The term grex
(pl. greges), derived from the Latin noun grex, gregis
, has been coined to expand the Linnean binomial system to include hortucultural hybrids. Gregaric names are widely used in particular for orchids. A grex may be:
- a species (usually called a species, instead of a grex)
- a hybrid between two greges.
Linnean Treatment of Natural Hybrids: the Nothospecies
Naturally occurring interspecific hybrids are given Linnean binomials with the letter "x" between the generic epithet and the nothospecific epithet. An offspring of the nothospecies, either with the nothospecies or either of the parental species as the other parent, has the same nothospecific name. That is, the nothospecific binomial is an alias for a list of the ancestral species.
For example, a naturally produced hybrid between Cattleya warscewicziiRchb.f. 1854
and Cattleya aurea Linden 1883
would be called Cattleya Xhardyana Sander 1883
or Cattleya x hardyana
. An offspring of a Cattleya x hardyana
pollenized by another Cattleya x hardyana
would also be called Cattleya x hardyana
. Cattleya x hardyana
would also be the name of an offspring of a Cattleya x hardyana
pollenized by either a Cattleya warscewiczii
or a Cattleya aurea
, or an offspring of either a Cattleya warscewiczii
or a Cattleya aurea
pollenized by a Cattleya X hardyana
Hortucultural Treatment of Greges
A non-specific grex is initially produced by the deliberate hybridization of two different greges, and is treated as if it were some new species. Any additional plants produced from the hybridization of the same two parental greges belong to the new grex, as do any offspring of that same grex. The non-specific gregaric name differes from a specific name in that the gregaric part of the name is capitalized, is not italicized, and may consist of up to four words.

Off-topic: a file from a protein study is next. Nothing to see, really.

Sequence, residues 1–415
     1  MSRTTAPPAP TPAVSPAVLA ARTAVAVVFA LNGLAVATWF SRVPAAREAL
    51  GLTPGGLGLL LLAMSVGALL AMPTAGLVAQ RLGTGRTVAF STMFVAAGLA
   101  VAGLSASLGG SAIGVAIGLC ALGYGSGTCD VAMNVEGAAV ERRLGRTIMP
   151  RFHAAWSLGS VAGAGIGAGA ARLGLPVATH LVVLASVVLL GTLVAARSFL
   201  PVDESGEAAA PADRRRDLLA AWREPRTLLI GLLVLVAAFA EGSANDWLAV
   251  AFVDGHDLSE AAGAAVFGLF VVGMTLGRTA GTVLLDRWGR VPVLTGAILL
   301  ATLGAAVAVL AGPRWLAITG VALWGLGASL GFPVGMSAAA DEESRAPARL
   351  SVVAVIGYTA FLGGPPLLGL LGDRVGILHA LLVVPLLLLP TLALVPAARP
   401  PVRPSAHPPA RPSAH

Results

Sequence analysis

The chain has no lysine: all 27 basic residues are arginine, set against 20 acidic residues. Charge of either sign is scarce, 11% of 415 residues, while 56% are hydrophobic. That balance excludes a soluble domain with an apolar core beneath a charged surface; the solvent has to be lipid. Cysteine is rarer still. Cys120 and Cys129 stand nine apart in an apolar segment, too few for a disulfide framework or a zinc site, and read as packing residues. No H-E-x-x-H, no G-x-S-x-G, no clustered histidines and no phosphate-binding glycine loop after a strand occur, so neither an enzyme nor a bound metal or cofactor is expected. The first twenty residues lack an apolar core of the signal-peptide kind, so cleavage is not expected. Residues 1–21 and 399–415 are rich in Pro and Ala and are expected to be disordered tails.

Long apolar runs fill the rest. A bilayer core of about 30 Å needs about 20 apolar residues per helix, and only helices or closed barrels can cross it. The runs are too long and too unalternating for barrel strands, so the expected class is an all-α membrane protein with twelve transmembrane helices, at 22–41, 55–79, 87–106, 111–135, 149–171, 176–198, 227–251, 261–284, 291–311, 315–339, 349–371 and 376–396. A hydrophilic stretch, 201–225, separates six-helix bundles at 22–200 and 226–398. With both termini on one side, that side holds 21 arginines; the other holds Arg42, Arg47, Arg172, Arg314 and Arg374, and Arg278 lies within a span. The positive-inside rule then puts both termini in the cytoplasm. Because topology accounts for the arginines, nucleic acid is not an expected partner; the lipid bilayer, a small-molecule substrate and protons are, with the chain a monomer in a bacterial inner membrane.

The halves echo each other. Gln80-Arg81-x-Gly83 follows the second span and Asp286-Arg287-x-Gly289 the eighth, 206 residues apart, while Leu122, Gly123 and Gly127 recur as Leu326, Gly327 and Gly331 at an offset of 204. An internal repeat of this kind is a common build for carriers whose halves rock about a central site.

For example: an artificially produced hybrid between Cattleya warscewiczii
and Cattleya dowiana
(or Cattleya aurea
, which the RHS, the international orchid hybrid registration authority, considers to be a mere variety of and therefore synonymous with C. dowinana
) is called Cattleya
Hardyana. An artificially produced seedling that results from pollenizing a Cattleya
Hardyana with a Cattleya
Hardyana is also a Cattleya
Hardyana. However, the hybrid produced between Cattleya
Hardyana and Cattleya dowiana
is not Cattleya
Hardyana, but Cattleya
Prince John. Similarly, the artifical hybrid produced between Cattleya
Hardyana and Cattleya warscewiczii
Eleanor. These relationships are often described in the following manner:C.
Hardyana = C. warscewiczii
x C. dowianaC.
Eleanor = C.
Hardyana x C. warscewicziiC.
Prince John = C. dowiana
Due to the maintenance of many interspecific (and even intergeneric) barriers in the Orchidaceae by pollinator behavior, it is easy to produce complex interspecific and even intergeneric hybrid orchid seeds: all it takes is a human motivated to use a toothpick.Image:Cattleya warscewiczii.jpg|Cattleya warscewicziiImage:Cattleya dowiana 1880.jpg|Cattleya dowiana